• "The world’s biggest solar tower power plant with molten salt storage has begun commissioning in Morocco, and is scheduled to begin production by October" https://reneweconomy.com.au/worlds-biggest-solar-tower-with-storage-starts-commissioning-77818/
  • "The Aurora Solar Energy Project located near Port Augusta is a 150 megawatt solar thermal power station incorporating 8 hours of storage (1100 megawatts-hours). Under normal operating conditions the plant will have a capacity of about 135 megawatts, with the ability to increase that output in favourable conditions, such as in the evening. Aurora will deliver over 500 gigawatt-hours of energy annually – providing fully dispatchable baseload electricity to the network when electricity is needed most. Storage will enable the solar thermal station to operate just like a conventional coal or gas power station, reliably generating electricity day and night – except without any emissions" https://www.solarreserve.com/en/global-projects/csp/aurora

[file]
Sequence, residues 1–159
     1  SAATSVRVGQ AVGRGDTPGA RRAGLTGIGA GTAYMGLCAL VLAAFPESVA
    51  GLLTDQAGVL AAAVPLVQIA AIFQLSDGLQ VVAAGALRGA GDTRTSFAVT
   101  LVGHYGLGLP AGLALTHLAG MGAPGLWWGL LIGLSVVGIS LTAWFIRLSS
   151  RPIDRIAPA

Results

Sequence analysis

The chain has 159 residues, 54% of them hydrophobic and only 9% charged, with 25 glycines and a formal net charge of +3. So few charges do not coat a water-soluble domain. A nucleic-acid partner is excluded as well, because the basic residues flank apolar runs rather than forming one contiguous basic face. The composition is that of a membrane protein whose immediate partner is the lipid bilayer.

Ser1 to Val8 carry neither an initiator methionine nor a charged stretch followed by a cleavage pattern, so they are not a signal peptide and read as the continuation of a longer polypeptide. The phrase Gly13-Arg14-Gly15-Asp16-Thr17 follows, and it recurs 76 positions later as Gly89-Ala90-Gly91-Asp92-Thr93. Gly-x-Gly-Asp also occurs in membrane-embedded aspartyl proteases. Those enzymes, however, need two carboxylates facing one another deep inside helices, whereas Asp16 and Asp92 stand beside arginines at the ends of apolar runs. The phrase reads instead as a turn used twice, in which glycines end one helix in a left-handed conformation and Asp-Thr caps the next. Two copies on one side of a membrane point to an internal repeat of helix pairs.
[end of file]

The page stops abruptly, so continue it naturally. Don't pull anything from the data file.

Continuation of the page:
Wow - four or five of those and you'll power chch.  I cant find a cost to implement. However if 90 000 homes spend $200 per month on power that's 8.64 billion (USA billion) over 40 years. It has to be less than that (recognizing a good chunk of that goes to retailers, lines etc)





nunz

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  Reply # 2107384 13-Oct-2018 17:13
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nunz:

 

Here: https://www.solarreserve.com/en/technology/molten-salt-energy-storage

 

Get these minturaised to a single car or household scale ...

 

 

Molten salt operates at stupidly high temps (think 150 degrees plus). It's pretty hard to heat up a battery that much for an EV to function but also keep it safe so there's some pretty big challenges there. 

 

You can be pretty confident though that there's enough money chasing next-gen battery techs that they will eventually be figured out.


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  Reply # 2107460 13-Oct-2018 21:54
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I read that the Jaguar I-Pace is going to use Lithium pouch cells rather than cylindrical cells.

 

Same Lithium technology but just different packaging?

 

(When I win Lotto this will be the EV I will buy :-) 

 

 





Gordy


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  Reply # 2108533 15-Oct-2018 21:31
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nunz: